A Friendship Concert was held in memory of Kataoka Sensei on Tuesday, August 10. It was touching to see how the students tried so hard to perform well for this very special event. All but one student was from California, even though teachers came from fifteen different states and two foreign countries. In the future, I personally would like to encourage teachers to bring students to these events. I feel that hearing the students of various teachers from around the world performing together is an important part of our continuing research. In addition, it is a great motivation for students to travel to perform and to stay with families of other students.
The week was such a resounding success that there is talk of having a similar workshop during the winter. Watch for announcements on the website and in the next newsletter. If there is a workshop this winter, DON’T MISS IT. I kept feeling sorry for all the teachers who did not make it to Sacramento (and sorry for myself that you weren’t there!). For the first time since Sensei’s death, I feel that we have begun to find our way to continue and improve our work. My hope is that we all will be a part of it.
At the recent Sacramento Suzuki Piano Basics Workshop, teachers were discussing the importance of one’s personal appearance in the home studio. It is easy to forget that you could be one of the most important role models in the life of the children you teach.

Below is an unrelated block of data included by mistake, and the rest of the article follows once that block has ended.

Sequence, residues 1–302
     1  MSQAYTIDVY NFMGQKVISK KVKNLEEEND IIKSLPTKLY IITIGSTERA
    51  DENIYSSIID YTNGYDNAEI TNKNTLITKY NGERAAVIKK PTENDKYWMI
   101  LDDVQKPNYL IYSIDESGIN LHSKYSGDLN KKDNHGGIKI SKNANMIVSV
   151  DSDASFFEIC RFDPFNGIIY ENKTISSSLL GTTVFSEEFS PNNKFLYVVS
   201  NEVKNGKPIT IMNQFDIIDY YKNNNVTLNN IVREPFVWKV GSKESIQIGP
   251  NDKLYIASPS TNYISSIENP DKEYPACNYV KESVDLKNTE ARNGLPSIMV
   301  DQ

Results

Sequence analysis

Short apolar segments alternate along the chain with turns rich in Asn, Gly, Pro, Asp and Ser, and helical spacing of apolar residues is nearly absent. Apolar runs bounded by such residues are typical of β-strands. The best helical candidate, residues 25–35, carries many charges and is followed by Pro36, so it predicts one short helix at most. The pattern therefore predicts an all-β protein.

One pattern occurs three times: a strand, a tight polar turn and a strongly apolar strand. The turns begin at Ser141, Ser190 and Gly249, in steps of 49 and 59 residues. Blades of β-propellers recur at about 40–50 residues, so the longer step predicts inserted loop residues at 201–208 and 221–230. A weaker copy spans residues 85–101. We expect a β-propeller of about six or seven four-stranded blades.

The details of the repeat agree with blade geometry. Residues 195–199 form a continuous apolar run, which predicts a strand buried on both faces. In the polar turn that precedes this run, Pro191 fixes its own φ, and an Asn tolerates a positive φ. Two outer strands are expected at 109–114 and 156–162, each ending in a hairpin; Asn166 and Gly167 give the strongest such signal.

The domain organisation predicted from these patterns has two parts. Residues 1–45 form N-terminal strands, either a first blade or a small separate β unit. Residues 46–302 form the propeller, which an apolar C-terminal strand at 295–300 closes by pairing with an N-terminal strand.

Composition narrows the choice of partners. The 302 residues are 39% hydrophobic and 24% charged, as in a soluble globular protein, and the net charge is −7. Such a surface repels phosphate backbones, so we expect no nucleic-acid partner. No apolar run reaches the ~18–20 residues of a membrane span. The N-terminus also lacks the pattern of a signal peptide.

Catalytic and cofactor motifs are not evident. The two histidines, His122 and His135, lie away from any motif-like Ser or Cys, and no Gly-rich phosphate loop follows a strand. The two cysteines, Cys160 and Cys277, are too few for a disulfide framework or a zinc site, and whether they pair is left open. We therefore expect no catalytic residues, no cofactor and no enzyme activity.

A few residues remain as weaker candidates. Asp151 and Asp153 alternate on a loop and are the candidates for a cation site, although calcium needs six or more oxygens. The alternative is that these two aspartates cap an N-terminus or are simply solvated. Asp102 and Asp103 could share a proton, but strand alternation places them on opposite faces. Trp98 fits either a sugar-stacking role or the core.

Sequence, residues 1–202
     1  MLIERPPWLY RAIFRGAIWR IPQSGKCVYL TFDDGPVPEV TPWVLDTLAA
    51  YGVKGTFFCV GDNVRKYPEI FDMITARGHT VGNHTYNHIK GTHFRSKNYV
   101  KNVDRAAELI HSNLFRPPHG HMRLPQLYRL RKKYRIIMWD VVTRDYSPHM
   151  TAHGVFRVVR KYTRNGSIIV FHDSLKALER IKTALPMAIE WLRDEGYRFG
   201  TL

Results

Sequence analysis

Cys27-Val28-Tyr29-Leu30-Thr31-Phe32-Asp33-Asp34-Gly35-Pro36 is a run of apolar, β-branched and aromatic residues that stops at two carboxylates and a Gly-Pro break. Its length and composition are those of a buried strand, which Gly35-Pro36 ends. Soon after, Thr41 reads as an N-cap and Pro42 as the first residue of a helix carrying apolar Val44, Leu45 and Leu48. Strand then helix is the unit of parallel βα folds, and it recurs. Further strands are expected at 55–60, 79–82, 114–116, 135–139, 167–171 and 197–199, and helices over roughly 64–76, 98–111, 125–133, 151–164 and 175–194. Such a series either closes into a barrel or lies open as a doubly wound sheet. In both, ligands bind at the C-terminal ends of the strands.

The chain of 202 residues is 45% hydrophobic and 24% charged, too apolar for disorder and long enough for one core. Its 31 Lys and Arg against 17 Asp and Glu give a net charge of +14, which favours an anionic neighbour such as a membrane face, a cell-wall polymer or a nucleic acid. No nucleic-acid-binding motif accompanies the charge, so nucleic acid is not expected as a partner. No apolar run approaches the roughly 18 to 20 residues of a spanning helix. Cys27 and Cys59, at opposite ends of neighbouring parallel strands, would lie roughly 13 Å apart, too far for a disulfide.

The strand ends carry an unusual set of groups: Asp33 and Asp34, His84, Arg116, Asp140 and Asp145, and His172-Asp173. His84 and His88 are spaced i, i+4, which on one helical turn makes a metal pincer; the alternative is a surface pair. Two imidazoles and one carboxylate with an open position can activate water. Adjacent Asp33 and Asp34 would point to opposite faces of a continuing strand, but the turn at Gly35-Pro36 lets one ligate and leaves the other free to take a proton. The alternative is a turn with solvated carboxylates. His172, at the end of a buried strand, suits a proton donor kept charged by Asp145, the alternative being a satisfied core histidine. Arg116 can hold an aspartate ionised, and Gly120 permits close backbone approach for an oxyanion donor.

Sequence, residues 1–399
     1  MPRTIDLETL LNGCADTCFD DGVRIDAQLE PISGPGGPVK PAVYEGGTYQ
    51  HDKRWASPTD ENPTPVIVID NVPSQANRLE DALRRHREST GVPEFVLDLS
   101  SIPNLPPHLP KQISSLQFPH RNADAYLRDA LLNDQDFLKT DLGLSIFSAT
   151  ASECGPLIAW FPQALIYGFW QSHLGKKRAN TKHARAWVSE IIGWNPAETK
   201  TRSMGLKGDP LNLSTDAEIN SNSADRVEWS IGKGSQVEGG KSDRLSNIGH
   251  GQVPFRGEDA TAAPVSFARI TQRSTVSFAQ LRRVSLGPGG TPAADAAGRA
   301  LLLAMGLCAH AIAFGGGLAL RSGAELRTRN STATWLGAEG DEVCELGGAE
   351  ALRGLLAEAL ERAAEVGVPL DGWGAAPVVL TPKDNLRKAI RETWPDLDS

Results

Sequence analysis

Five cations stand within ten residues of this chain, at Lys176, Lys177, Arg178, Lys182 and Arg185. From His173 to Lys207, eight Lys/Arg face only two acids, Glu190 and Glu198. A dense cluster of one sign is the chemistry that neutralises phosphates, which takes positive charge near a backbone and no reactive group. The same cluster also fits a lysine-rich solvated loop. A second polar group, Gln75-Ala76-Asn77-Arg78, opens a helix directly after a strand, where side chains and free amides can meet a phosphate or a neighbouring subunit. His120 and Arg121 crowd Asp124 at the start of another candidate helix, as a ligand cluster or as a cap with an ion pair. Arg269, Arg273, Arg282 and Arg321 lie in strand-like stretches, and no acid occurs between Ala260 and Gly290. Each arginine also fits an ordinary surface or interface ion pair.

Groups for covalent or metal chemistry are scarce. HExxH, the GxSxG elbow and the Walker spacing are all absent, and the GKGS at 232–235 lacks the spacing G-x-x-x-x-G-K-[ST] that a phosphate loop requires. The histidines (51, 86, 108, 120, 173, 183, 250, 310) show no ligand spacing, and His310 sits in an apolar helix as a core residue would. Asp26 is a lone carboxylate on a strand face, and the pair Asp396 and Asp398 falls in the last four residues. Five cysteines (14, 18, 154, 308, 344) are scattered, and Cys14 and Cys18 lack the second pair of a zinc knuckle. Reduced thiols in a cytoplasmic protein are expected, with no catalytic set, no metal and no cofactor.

I began to take piano lessons at the age of five and studied with the same teacher for thirteen years. Maude B. C. Taylor was perhaps the most regal person I have ever known. Not only was she an excellent piano teacher, she was the essence of femininity, always simply but elegantly attired.
Although I was the typical student who did not like to practice, I loved to play in recitals because it was a time to dress up. The recital stage was always adorned with floral bouquets to be presented to each student by their parents at the recital’s end. How special it was to have studied with this teacher.